Executive Summary: On June 1, 2018, the U.S. Court of Appeals for the Eleventh Circuit in Jefferson v. Sewon America, Inc., No. 17-11802, held that the McDonnell Douglas burden-shifting framework does not apply to discrimination claims where the plaintiff offered direct evidence of discrimination, even though the plaintiff herself called her evidence circumstantial and analyzed her claims under that framework. Jefferson is part of the Eleventh Circuit’s recent trend of reducing the burden on employment discrimination plaintiffs at the summary judgment stage, making it easier for them to proceed to trial before a jury.

Background

In Jefferson, an African American finance clerk claimed Sewon America, Inc. (“Sewon”) denied her a job transfer to an IT position because she was not Korean, in violation of Title VII. In support of her claim, she testified that the manager of the IT Department told her she was ineligible for the transfer because she lacked experience and because a higher-ranked manager “wanted a Korean in the position.” The lower court ruled in favor of the employer on Jefferson’s failure-to-transfer claim, finding the claim failed under the McDonnell Douglas burden-shifting framework. The court first found Jefferson failed to establish a prima facie case, as she could not prove the denial of her request to transfer constituted an adverse employment action. The lower court further found: (1) the employer had a legitimate, non-discriminatory reason for denying Jefferson the transfer (she was not qualified); and (2) Jefferson did not prove that reason was pretext for discrimination.

The Eleventh Circuit’s Decision

The Eleventh Circuit reversed the lower court, concluding it should not have applied the McDonnell Douglas test because Jefferson’s testimony that Sewon wanted a Korean in the position constituted direct evidence of discrimination. Because of that direct evidence, whether Sewon could show that it had a legitimate, non-discriminatory reason for not transferring her (she was not qualified for the position) was irrelevant. The Eleventh Circuit thus remanded to the lower court for further proceedings consistent with its opinion.

The Eleventh Circuit’s reversal is noteworthy because Jefferson had consistently referred to her evidence as circumstantial—even on appeal—and had not objected to the application of the McDonnell Douglas test until after the magistrate judge in the district court had recommended granting the employer’s summary judgment motion. The Eleventh Circuit found that a plaintiff cannot waive the application of the correct legal test to a claim.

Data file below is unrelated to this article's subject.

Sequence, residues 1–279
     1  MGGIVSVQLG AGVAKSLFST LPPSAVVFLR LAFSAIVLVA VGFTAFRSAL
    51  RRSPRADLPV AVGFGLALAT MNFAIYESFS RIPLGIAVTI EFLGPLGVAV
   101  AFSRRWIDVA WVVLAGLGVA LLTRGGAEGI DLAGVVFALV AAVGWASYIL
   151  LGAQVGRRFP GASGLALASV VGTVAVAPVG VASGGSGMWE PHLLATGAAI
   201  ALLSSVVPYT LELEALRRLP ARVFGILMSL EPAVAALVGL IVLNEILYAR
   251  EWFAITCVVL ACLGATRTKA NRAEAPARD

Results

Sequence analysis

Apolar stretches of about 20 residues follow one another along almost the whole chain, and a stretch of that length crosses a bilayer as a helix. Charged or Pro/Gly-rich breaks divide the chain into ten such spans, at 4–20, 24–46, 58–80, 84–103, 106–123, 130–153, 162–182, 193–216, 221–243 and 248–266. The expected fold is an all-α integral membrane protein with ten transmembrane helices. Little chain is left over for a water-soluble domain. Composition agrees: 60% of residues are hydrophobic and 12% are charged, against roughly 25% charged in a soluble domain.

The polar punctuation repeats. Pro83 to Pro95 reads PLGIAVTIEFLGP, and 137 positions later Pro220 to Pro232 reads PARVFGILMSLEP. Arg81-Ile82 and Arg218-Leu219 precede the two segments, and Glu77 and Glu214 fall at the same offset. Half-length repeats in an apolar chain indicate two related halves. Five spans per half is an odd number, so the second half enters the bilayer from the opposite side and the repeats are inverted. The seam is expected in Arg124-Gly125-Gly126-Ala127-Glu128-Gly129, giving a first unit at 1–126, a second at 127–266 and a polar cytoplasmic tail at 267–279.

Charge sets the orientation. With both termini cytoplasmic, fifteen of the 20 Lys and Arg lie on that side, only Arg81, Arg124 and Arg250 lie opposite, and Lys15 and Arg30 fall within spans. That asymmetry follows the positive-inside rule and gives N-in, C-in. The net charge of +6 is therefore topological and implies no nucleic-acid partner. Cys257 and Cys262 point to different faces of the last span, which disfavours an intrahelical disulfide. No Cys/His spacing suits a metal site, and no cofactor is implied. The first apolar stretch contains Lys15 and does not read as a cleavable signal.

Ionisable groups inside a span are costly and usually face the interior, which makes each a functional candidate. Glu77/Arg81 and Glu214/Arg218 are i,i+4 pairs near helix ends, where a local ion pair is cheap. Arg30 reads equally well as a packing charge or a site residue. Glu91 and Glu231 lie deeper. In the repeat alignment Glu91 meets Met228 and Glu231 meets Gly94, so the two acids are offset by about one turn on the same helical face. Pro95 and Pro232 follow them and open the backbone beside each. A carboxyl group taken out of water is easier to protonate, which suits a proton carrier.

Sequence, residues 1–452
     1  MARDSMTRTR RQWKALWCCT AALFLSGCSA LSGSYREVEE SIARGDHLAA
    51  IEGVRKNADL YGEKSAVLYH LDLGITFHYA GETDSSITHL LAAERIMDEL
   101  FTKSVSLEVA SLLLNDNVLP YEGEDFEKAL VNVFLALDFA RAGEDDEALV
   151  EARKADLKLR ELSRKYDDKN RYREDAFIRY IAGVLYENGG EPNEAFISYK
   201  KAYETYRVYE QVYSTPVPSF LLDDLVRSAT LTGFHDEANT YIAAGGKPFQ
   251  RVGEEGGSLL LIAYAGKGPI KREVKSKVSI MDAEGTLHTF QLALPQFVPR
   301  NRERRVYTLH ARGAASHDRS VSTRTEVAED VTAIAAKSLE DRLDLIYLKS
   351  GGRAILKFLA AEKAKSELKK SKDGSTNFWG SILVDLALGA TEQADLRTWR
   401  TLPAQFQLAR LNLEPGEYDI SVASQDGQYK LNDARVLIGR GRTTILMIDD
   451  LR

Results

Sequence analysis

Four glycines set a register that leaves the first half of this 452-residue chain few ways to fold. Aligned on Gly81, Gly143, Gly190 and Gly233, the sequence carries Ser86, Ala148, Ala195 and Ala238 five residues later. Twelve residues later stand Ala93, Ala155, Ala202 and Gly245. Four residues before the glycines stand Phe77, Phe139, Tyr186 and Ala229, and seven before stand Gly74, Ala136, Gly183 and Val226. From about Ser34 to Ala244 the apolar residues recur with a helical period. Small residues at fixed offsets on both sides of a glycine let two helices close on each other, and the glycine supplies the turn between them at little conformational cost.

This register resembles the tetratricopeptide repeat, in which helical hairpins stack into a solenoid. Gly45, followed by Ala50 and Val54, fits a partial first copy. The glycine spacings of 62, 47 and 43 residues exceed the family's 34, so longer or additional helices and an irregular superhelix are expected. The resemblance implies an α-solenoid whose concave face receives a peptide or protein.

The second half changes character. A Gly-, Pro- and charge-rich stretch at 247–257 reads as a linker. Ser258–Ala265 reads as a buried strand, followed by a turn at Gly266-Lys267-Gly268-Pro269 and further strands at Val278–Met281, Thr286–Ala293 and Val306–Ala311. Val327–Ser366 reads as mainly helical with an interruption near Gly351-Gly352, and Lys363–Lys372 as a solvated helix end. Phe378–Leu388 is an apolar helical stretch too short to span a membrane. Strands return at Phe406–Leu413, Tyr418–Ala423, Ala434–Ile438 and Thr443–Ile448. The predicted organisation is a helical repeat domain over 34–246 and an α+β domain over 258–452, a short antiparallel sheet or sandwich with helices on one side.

In addition, the Eleventh Circuit indicated its willingness to find an adverse employment action based on a refusal to transfer even where the desired position would not involve an increase in wages or other benefits. The court found Jefferson established she was subjected to an adverse employment action when she was denied a transfer to the IT position, in part, because Jefferson “preferred” the position and would have received training related to the job if transferred. The Eleventh Circuit held that the “promise of education and experience” in a specific skilled position constituted a material benefit.

The Eleventh Circuit previously limited the applicability of the McDonnell Douglas framework in a February 2016 case, Quigg v. Thomas County School District, 814 F.3d 1227 (11th Cir. 2016), and in a January 2016 unpublished case, Chavez v. Credit Nation Auto Sales, LLC, 641 F. App’x 883 (11th Cir. 2016). In Quigg, the Eleventh Circuit articulated a new test for Title VII mixed-motive claims, holding that, to survive summary judgment, a plaintiff need only provide evidence sufficient to show that discrimination was a reason (among others, including legitimate reasons). The Eleventh Circuit concluded the plaintiff—a female school superintendent—had presented sufficient evidence under this test to proceed to trial on her claim that she was not renewed by the school board because of her gender due to certain statements by board members showing that they preferred men for the position at issue. Similarly, in Chavez, the Eleventh Circuit held that the McDonnell Douglas framework was not appropriate for analyzing mixed motive claims.

Employers’ Bottom Line:

Following Sewon, Quigg, and Chavez, evidence of discriminatory remarks that would not have been sufficient under the Eleventh Circuit’s prior case law may now be sufficient for the employee’s claim to reach a jury. Moreover, because plaintiffs cannot waive the application of the correct legal test to their claims, courts may reject the more burdensome McDonnell Douglas framework when analyzing a plaintiff’s claims at the summary judgment stage, even where the plaintiff herself urges the court for its application. Employers in Florida, Georgia, and Alabama should ensure they are evaluating potential discrimination claims in light of the Eleventh Circuit’s recent case law.